The Day Before Your Procedure
Note the time of your procedure
A staff member from the Admitting Office will call you after 2:00 pm the day before your procedure. If your procedure is scheduled for a Monday, they’ll call you on the Friday before.
The staff member will tell you what time to arrive at MSK Monmouth for your procedure. They’ll also remind you where to go. If you don’t get a call by 7:00 pm, call 212-639-5014.
Instructions for eating before your procedure
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Do not eat anything after midnight the night before your procedure. This includes hard candy and gum.
The Day of Your Procedure
Instructions for drinking before your procedure
You can drink a total of 12 ounces of water between midnight and 2 hours before your scheduled arrival time. Do not drink anything else.
Do not drink anything starting 2 hours before your scheduled arrival time. This includes water.
Things to remember
- Take only the medications your healthcare provider told you to take the morning of your procedure. Take them with a few sips of water.
- Don’t put on any lotion, cream, powder, deodorant, makeup, perfume, or cologne.
- Remove any jewelry, including body piercings.
- Leave valuable items (such as credit cards and jewelry) at home.
- If you wear contact lenses, wear your glasses instead. If you don’t have glasses, please bring a case for your contacts.
What to bring with you
- A list of all the medications you take.
- Medications for breathing problems (such as inhalers), if you take any.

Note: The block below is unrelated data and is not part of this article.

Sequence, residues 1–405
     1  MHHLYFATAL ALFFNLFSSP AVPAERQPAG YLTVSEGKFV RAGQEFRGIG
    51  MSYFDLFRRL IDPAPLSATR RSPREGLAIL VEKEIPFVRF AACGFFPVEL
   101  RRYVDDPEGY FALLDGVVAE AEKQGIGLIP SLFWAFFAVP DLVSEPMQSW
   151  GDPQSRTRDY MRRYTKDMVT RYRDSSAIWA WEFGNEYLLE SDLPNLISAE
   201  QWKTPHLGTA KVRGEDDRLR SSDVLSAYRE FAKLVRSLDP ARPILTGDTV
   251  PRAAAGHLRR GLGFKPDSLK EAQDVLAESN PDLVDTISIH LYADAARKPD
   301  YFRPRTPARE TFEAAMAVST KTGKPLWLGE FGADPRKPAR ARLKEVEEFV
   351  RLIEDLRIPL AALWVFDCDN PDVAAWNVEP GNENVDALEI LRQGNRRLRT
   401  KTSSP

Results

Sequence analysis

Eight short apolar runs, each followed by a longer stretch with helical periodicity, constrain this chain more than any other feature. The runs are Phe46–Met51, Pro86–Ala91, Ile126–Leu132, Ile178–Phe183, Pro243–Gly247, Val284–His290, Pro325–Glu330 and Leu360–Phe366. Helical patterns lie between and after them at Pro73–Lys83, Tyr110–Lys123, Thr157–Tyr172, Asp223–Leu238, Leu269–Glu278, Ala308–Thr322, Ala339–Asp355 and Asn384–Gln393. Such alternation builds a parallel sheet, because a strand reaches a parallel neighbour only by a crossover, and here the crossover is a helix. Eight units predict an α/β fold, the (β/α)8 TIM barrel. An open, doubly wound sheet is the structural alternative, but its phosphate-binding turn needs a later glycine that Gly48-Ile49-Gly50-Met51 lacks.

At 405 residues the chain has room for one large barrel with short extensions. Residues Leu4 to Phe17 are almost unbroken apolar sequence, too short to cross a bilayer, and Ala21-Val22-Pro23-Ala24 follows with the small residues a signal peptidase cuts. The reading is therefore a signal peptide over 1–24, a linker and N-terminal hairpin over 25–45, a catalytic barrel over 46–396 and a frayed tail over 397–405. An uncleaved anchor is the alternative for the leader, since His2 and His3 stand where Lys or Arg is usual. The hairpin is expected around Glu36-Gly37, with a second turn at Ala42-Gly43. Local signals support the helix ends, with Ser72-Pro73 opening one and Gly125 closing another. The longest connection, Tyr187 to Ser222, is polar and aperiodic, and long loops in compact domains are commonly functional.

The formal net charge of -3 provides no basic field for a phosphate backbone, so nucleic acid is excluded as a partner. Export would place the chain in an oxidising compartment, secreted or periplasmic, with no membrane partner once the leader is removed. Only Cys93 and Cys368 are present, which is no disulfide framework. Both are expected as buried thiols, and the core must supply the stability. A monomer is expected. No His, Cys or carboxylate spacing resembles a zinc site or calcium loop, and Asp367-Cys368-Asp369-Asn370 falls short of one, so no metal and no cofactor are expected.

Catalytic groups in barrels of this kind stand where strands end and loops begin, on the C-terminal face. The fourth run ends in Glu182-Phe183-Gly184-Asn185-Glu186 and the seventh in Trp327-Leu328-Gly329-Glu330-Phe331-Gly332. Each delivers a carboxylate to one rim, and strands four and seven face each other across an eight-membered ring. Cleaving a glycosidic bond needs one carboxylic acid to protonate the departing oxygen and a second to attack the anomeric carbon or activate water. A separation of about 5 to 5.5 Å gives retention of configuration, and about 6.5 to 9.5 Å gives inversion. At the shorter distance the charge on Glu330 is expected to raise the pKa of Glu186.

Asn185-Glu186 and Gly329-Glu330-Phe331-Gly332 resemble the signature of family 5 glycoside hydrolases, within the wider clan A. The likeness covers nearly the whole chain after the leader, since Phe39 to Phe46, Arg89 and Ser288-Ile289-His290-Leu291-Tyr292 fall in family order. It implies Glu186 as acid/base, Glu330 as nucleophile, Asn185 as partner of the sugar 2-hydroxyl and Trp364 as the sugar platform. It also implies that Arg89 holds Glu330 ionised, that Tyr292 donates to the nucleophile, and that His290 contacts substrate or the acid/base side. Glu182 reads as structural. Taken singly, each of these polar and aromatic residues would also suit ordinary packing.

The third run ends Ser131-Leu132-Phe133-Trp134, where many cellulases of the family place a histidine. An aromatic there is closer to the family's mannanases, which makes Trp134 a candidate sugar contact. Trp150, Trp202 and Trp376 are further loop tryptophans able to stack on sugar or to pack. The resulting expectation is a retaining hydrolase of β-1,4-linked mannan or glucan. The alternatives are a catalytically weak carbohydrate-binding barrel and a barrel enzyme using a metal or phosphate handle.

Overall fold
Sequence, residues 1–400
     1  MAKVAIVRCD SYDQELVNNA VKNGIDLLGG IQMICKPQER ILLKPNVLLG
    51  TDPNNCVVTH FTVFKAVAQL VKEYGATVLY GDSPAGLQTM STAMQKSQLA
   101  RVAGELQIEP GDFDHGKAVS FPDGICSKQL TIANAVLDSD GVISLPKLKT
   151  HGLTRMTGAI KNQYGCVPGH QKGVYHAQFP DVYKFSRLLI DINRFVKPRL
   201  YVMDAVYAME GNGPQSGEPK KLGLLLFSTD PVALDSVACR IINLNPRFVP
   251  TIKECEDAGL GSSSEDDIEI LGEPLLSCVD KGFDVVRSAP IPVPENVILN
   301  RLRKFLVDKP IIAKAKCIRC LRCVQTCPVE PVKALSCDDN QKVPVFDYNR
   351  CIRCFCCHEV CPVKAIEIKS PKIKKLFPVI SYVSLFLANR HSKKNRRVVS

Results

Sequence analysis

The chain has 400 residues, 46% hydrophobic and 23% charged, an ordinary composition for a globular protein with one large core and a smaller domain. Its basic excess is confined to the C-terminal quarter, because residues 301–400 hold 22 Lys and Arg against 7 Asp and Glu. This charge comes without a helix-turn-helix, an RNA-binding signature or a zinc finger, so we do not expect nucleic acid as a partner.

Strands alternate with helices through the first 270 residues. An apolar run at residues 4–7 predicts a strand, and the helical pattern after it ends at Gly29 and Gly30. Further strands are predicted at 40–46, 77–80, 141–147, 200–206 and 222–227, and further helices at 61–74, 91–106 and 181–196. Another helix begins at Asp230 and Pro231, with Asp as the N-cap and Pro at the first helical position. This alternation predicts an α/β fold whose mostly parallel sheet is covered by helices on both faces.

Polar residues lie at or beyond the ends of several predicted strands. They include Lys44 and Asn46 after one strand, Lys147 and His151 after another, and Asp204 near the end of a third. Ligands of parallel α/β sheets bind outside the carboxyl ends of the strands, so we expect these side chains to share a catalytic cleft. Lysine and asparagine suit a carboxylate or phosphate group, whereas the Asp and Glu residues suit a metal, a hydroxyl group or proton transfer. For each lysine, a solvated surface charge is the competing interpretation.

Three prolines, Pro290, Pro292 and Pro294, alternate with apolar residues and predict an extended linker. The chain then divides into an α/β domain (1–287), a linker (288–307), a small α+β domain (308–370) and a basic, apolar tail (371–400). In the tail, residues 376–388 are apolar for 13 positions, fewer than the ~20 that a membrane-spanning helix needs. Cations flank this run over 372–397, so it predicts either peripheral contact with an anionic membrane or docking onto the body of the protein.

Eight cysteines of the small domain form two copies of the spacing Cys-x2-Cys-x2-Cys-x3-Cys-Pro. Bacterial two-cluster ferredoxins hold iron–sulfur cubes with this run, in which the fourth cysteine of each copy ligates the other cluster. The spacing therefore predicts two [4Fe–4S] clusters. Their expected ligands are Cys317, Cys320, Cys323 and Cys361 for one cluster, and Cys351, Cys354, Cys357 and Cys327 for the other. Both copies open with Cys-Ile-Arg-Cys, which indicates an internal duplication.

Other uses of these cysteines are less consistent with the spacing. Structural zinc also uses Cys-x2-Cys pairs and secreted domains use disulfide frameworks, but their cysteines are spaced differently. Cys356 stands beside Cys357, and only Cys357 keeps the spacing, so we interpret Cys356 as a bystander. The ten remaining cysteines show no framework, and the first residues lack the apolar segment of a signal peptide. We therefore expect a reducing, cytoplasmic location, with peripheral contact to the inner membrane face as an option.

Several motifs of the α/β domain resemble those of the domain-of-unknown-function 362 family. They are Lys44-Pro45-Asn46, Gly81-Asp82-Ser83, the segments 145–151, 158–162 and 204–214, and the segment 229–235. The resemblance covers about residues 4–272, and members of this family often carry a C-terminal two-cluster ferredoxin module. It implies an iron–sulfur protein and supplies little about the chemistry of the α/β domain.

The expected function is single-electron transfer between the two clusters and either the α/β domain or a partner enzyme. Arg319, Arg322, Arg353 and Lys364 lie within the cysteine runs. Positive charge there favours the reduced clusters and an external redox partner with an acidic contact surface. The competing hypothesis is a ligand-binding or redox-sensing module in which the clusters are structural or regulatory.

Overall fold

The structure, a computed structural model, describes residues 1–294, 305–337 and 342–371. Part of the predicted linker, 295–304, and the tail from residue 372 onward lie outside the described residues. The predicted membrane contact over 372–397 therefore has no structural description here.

- Medications for chest pain, if you take any.
- A case for your glasses or contacts.
- Your Health Care Proxy form and other advance directives, if you completed them.
- Your breathing device for sleep apnea (such as a CPAP device), if you have one.
Where to park
When you enter the parking lot, follow the signs for the Lower Concourse. There’s free parking by the Lower Concourse entrance and additional parking to the right of the entrance. Free valet parking is also available.
Once you’ve parked, go into the building through the Lower Concourse entrance. A staff member will direct you to the surgical check-in area on the 2nd floor.
What to expect
Once you’re in the building, you’ll be asked to say and spell your name and date of birth many times. This is for your safety. People with the same or a similar name may be having a procedure on the same day.
When it’s time to change for your procedure, you’ll get a hospital gown, robe, and nonskid socks to wear.
Meet with a nurse